COLUMBIA, MO – On Tuesday, Columbia College officially decided to make Juneteenth a paid holiday.
According to the Juneteenth website, “Juneteenth is the oldest nationally celebrated commemoration of the ending of slavery in the United States.” The holiday is a celebration that also reflects on the last group of enslaved learning that they had been emancipated in April. The Union army delivered the news of freedom to slaves in pockets of the country. Juneteenth marks the date the last enslaved people in Texas learned of their freedom.
In the wake of the Black Lives Matter movement this summer, Juneteenth received more attention. Protest this summer sparked conversation about how the holiday that ended slavery still doesn’t have widespread recognition.
Columbia College is working towards more acknowledgement for the holiday’s history by establishing it as a paid holiday. The president of the college said he’s looking forward to honoring this holiday.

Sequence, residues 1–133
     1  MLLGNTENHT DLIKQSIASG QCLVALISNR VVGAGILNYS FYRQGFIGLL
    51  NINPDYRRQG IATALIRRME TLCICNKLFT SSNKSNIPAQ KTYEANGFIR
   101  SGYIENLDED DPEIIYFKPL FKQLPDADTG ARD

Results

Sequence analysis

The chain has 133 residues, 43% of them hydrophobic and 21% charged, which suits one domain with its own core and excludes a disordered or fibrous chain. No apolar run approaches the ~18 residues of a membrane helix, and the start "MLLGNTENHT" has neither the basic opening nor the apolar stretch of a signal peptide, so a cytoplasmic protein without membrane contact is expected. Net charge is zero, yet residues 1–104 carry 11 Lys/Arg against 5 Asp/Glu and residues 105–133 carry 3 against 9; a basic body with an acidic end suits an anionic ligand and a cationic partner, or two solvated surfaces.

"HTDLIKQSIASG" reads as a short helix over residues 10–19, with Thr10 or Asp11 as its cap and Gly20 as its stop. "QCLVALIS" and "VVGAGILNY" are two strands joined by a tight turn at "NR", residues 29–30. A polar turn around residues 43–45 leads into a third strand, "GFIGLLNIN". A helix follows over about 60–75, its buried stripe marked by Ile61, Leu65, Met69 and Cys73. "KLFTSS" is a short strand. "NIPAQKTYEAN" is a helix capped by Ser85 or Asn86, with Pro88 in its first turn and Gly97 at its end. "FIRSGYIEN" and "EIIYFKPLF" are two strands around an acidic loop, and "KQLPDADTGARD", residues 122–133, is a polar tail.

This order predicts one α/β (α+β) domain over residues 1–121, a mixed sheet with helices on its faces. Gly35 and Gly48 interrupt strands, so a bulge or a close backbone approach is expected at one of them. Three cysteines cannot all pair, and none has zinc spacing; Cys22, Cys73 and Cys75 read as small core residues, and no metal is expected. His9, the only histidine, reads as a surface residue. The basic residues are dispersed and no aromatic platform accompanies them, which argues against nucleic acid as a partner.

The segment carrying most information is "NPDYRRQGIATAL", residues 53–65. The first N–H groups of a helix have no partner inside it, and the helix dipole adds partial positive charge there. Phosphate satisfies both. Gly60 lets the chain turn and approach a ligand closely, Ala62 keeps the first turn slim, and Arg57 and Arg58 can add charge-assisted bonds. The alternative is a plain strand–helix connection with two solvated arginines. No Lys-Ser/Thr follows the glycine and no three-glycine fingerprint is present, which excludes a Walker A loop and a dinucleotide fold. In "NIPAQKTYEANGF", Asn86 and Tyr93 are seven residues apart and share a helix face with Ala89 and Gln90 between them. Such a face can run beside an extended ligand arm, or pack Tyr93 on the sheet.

“Juneteenth celebrates the time when, frankly, the union army finally got there and shared the news with people that they were free,” Columbia College President Scott Dalrymple said of the new paid holiday, “So, to me, Juneteenth, is all about celebration and hope. I think it is an extremely hopeful holiday. And, again I think what better thing is there to celebrate.”
In light of officiating Juneteenth as a paid holiday, Columbia College is repurposing the oldest building on campus, Williams Hall, as the college’s diversity, equity and inclusion center. President Dalrymple said it’s only right the oldest building, built in the mid-1800’s, that may have used slave labor become the DE&I center now.
The paid holiday goes into effect June 19, 2021. Since Juneteenth is on a Saturday next year, employees will observe the holiday on Friday, June 18, 2021.